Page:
About the project
Conrad Gargett was engaged by the Queensland Government Department of Education to provide heritage advisory and design services for the state heritage listed National School Building at Warwick East State School. As one of the oldest surviving school buildings in Queensland, the National School Building required extensive conservation, repair and compliance upgrade works whilst retaining and reusing as much of the original built fabric as possible.
The damaging layers of plastic and lead paint were removed, and the built-up salts were extracted from the brickwork walls. The original 1864 hand-pressed bricks were then turned around, brick by brick, to bring new life to the building. All of the timber door, window joinery and structural framing was refurbished, and the natural ventilation systems were reinstated. The surrounding footpaths were regraded, and a ramp was added to the east, to provide compliant access to the building. Due to the reactive clay soil and intermittent flooding of the site, the entire building was underpinned with a raft slab to prevent further cracking.
Through the conservation work, future generations in the school and the greater Warwick community will be able to appreciate and engage with this part of local history.
Our approach involved undertaking much-needed conservation and repair works with minimal detrimental impact on the heritage fabric and significance. All new work needed to be reversible and not detract from the original building elements.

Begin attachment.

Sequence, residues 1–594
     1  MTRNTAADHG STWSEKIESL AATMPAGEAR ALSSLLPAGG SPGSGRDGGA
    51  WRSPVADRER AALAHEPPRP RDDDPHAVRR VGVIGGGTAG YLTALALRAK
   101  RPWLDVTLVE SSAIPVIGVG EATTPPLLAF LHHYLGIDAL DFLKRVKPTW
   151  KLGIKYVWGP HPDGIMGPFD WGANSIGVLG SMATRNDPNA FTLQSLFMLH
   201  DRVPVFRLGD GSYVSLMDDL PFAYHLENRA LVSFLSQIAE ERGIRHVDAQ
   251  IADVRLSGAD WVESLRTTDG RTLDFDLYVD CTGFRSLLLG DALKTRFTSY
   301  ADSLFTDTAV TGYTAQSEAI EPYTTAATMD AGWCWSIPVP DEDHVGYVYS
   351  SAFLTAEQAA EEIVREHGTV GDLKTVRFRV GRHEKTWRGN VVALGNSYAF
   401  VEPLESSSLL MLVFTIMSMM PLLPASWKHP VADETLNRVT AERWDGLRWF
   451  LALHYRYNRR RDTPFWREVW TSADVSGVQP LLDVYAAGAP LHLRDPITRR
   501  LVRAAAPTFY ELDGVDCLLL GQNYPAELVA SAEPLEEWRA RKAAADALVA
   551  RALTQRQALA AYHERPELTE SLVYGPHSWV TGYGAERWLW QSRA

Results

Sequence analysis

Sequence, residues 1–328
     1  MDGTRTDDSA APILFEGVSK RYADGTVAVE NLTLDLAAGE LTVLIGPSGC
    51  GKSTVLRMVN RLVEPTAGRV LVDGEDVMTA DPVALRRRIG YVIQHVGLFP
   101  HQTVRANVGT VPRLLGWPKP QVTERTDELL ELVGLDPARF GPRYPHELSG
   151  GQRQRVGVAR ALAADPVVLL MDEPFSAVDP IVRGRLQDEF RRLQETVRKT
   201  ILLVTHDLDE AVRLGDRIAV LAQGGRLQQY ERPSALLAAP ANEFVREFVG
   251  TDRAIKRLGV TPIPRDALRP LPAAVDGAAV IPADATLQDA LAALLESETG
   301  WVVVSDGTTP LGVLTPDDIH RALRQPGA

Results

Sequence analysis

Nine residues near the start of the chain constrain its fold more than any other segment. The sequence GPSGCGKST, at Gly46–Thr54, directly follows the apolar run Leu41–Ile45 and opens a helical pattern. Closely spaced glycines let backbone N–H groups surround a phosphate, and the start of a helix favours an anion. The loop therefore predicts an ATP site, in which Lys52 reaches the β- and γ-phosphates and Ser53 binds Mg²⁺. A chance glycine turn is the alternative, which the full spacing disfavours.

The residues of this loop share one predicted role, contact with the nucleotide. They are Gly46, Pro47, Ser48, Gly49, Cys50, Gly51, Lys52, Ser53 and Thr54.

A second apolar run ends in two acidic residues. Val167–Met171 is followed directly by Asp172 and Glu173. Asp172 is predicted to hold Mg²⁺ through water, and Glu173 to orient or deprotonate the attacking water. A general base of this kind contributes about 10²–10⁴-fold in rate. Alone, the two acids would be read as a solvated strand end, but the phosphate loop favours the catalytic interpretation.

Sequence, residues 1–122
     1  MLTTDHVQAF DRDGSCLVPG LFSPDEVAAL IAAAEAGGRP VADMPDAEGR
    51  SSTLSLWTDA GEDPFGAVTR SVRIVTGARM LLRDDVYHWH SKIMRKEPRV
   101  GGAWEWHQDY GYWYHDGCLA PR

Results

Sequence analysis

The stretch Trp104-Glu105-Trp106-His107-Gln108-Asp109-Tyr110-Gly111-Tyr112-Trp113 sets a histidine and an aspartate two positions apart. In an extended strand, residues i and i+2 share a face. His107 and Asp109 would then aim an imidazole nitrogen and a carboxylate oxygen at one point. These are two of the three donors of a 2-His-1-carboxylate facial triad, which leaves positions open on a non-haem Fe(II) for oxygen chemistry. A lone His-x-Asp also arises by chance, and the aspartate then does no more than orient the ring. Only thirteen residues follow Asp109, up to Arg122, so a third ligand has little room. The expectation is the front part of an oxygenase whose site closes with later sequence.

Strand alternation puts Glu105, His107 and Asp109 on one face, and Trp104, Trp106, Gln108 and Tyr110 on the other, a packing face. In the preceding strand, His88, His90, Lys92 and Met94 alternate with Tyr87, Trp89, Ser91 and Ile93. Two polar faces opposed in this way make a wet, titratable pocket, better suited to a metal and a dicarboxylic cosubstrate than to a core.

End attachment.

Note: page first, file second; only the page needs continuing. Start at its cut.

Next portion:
The building also needed to be more resilient to flooding and to provide DDA access to the building and upgrade the services to current standards. The site floods intermittently, which affected design decisions. All services are raised up and reticulated from above where possible. The timber floor has additional expansion joints to minimise buckling when wet. The subfloor space is designed to be hosed down, pumped out and ventilated post-floods. The mineral paint on the brickwork allows moisture to escape. The turned bricks were left unpainted with sacrificial lime rich mortar that should attract most of the moisture (and salts) away from the bricks. The tops and bottoms of doors and timber posts were painted to minimise swelling during flooding. The ramp is spaced away from the building with a removable threshold to allow the building to be hosed down and for brick repairs to be undertaken.
This project involves the adaptive reuse of a state heritage listed project. We repaired and reused as much of the existing building fabric as possible. The inherent ESD features in the building were re-activated, including reinstating all of the natural ventilation systems. We developed future design requirements up to schematic design so that we could allow for these future works and minimise abortive work when the future works are undertaken.
2023 AIA Architecture Awards — The Don Roderick Award For Heritage, Queensland State Award
2023 AIA Architecture Awards — Commendation Heritage Architecture
2023 AIA Architecture Awards — People's Choice Award, Darling Downs and West Moreton Region